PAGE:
Support and stories

Thank you to everyone who shared their breastfeeding story, you can read some of them below including stories from  author and illustrator, Mairi Hedderwick and Olympic champion Dame Sarah Storey

Share your own story here.

Celebrity Stories

Mairi Hedderwick is the author of the popular Katie Morag series of books which we have always loved for their positive depictions of breastfeeding as a part of family life, we spoke to Mairi about those lovely illustrations and breastfeeding…



When I created Katie Morag in the early ‘80s my indulgence was to celebrate our early family years on the Hebridean island of Coll, with all the highs and lows of family life in a small remote community sans electricity and mains water, daily activities so conditioned by the weather. Oil lights and water from the well no longer feature in the books as Katie Morag’s island has rightly come into the 20th century. But her relationships, especially in her family, are timeless.

I had been an illustrator for many years, learning how to enhance others’ text. With limited text for my first picture storybook I created visual subplots full of detail for the reader to explore and question. In the third book Katie Morag and the Tiresome Ted, all about sibling rivalry on the arrival of the new baby, it was a delight to milk the opportunity to have the mother breastfeeding. I loved drawing the delicate pointillism surrounding her nipple.

My editor at that time was nervous at such exposure but I insisted. She was proved right as several libraries banned the book from their shelves. But 27 seven years on, Mrs McColl’s breast is still there to be shared by all babies, toddlers , children, mums and dads. Even teenagers.

Over the years I have been delighted that several breastfeeding organisations have used the image, and others, for publicity. Several surgeries in Highland region in Scotland display posters with Katie Morag, the new baby and ‘the breast’. Katie Morag is very proud.

The Breastfeeding Network had a chat with Dame Sarah Storey, the UK’s most decorated female Paralympian, and asked her to share her story of being a professional athlete and breastfeeding mum to her daughter, Louisa…


dame sarah pic

In the early days it was about training and competing around Louisa and setting my schedule according to her needs. I exclusively breastfed for six months and I fed on demand too. As an athlete this fitted in fine and I just adjusted my training rides so that in the early days I did two short rides a day or stayed on the home trainer so that I could be on hand if I was needed. I did a lot of expressing so there was always milk for when I was out, but Louisa was never really interested in taking the bottle and would go back to sleep until I arrived home!Click to read more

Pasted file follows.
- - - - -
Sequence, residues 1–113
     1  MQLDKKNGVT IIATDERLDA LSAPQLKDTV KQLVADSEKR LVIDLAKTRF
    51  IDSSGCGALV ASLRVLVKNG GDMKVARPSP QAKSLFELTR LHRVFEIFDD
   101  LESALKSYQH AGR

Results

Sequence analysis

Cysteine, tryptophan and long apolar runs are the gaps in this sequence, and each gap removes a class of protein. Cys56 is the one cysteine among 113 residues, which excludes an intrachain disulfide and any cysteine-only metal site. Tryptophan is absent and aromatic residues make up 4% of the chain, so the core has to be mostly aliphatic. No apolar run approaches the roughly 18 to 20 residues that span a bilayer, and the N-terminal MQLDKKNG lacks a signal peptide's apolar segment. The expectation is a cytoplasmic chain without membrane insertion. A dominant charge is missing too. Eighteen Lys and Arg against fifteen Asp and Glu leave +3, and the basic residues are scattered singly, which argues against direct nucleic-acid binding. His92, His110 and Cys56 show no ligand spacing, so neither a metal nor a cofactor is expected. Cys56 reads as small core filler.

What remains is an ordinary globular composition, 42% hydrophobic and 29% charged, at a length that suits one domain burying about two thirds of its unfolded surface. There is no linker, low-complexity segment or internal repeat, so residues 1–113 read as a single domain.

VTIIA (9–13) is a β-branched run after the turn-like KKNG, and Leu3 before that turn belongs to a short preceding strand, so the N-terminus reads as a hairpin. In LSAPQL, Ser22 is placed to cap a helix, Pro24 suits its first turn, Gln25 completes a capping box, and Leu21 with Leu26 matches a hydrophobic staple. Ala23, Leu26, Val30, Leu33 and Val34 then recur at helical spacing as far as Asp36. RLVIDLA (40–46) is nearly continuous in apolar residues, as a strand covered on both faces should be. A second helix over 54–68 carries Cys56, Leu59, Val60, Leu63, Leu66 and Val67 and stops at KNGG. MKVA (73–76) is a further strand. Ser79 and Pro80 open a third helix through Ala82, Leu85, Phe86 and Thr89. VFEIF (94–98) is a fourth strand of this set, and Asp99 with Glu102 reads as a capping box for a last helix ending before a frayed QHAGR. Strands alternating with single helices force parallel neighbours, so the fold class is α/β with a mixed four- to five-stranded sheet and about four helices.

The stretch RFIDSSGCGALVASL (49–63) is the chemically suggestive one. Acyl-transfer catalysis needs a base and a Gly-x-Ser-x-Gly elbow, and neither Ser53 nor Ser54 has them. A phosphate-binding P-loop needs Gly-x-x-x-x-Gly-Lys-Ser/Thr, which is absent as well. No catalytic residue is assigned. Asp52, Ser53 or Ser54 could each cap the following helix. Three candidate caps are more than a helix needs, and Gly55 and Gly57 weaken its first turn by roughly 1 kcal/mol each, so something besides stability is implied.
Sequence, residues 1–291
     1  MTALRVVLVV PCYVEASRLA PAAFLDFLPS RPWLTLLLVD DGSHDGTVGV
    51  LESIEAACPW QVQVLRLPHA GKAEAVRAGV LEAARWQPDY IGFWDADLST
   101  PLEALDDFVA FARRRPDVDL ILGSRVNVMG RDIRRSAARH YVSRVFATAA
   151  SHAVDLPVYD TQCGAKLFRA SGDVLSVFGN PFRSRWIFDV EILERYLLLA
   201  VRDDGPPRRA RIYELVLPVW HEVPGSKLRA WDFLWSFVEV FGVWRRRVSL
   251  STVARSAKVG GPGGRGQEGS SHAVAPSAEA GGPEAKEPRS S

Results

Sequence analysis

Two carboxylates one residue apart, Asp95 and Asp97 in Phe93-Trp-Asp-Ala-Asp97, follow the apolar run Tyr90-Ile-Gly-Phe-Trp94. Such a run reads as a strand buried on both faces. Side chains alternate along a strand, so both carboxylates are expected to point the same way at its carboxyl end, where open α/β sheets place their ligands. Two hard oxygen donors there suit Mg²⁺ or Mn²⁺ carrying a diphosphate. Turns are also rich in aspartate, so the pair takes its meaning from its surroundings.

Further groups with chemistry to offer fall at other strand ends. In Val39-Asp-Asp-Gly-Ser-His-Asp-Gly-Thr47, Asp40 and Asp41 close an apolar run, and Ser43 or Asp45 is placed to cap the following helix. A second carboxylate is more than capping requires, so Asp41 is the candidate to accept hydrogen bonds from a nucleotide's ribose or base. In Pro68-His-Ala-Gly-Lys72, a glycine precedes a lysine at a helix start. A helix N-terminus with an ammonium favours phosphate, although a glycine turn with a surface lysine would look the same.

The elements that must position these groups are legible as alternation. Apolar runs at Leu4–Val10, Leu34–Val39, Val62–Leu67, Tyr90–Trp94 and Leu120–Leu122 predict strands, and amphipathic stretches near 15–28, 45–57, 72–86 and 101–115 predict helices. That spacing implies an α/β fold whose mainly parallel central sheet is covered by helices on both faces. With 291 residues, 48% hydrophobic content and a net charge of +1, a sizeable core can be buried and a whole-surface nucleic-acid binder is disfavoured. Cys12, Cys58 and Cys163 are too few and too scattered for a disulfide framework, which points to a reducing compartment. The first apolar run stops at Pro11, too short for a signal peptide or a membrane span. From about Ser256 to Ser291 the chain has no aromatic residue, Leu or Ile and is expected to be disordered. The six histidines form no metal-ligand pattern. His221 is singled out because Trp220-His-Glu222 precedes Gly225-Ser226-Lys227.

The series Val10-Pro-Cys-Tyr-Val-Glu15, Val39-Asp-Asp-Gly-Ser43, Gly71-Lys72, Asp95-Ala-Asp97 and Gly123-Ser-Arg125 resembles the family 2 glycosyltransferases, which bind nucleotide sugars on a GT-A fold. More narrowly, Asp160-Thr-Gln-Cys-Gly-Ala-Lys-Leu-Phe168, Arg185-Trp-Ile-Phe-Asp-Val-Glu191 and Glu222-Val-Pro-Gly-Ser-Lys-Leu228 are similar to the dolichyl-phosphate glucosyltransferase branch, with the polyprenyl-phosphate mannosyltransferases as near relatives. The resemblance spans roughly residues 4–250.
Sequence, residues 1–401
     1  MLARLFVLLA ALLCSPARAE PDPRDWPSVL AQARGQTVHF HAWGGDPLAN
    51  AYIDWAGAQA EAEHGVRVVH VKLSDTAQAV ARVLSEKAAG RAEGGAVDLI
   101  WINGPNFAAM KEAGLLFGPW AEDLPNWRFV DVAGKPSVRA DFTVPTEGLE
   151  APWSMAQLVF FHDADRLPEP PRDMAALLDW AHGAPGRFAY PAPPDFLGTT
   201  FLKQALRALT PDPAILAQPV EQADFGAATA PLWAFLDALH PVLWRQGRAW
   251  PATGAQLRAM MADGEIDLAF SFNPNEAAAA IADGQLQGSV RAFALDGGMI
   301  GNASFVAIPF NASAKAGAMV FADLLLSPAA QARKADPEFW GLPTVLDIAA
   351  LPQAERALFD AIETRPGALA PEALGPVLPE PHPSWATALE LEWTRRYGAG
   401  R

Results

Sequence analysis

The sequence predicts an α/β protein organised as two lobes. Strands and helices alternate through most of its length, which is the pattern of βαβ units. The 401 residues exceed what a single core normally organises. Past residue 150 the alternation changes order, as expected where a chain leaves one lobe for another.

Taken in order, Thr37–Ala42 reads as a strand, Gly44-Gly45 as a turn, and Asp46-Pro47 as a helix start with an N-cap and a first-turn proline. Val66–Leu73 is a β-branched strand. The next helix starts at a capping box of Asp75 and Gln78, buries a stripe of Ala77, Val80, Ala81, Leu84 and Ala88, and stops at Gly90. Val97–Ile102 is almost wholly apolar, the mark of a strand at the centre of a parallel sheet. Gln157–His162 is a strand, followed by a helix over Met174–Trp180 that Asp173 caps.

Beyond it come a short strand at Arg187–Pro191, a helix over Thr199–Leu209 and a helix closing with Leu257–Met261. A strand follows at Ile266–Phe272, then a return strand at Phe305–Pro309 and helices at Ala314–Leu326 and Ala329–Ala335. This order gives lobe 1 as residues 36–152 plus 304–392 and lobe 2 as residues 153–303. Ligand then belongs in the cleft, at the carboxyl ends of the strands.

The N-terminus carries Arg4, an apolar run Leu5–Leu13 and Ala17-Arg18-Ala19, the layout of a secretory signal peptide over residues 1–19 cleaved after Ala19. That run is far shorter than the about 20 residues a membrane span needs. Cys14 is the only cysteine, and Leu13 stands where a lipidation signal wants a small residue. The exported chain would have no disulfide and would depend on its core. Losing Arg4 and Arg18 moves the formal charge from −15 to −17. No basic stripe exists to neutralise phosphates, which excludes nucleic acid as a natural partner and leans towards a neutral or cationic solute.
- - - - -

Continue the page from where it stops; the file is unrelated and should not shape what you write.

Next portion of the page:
Helen’s story

Helen shares her two very different feeding stories – at home with her first son, and in an NICU unit with her second, who was born with Hypoplastic Left Heart Syndrome, a congenital heart defect.  Her experiences have led her to set up the website which aims to help healthcare professionals to better support breastfeeding in a paediatric setting. You can read more of Helen’s story here

Charlotte’s story

It was such an achievement for me, being able to breastfeed my children after months of initial struggle. It is definitely one of the most emotional experiences I’ve ever been through, as well as being something I am proud of and grateful for. I have learned that breastfeeding is different with each child – not just the feeding itself, but how it works within family life. For example, you can’t sit quietly feeding your second baby for hours when you’re looking after a toddler as well. You have to adapt and change the way you feed to fit in with your family and work life.

Emma and Kathryn’s story

Emma shares her emotional story of feeding her premature baby in a neonatal unit after experiencing a traumatic birth. Read more

Samantha’s story 

Before I had my little girl I had decided that I would give breastfeeding a good go. Stating to anyone that asked that I would try it but if it didn’t work out then I wouldn’t put pressure on myself. Read more

Jenna and Connor’s story

My son was born in July 2013 and throughout my pregnancy, I had spoken about breastfeeding with my midwife after I was given a Bump to Breastfeeding DVD to watch. I mentioned that it was something I would definitely like to try. Read more

Jemma’s story about getting support from the BfN

Just been to my little one’s development check, he’s 2 yrs old today, and the wonderful Becky was there. I met Becky at a Children’s Centre in West Bromwich when he was just 1 day old!! I knew his latch wasn’t right as I was in too much pain too soon, so I went to my nearest BfN session as I was determined to breastfeed this little one till he decided otherwise.  Read more

Sam’s story of feeding and tongue tie

My mother breast fed all her children so it was a concept that I was used to. However, when I was pregnant I made a pact with myself that I was not going to stress, and that included the thought of breast feeding and what happened if “it did not work”. I was relaxed about the fact that I would pop it (i didnt know the gender) on the bottle. Read more

Nicola’s story

Before I had my baby I felt sure I would not feel comfortable breastfeeding and never felt as though it was an option.  When I was pregnant there was a lot of information about the benefits of breastfeeding your baby when first born.  I made the decision to try and breastfeed in the hospital and see how it went. Read more

If you have enjoyed reading these stories please share your own and help us support more families and donate by texting ABFN10 £3 to 70070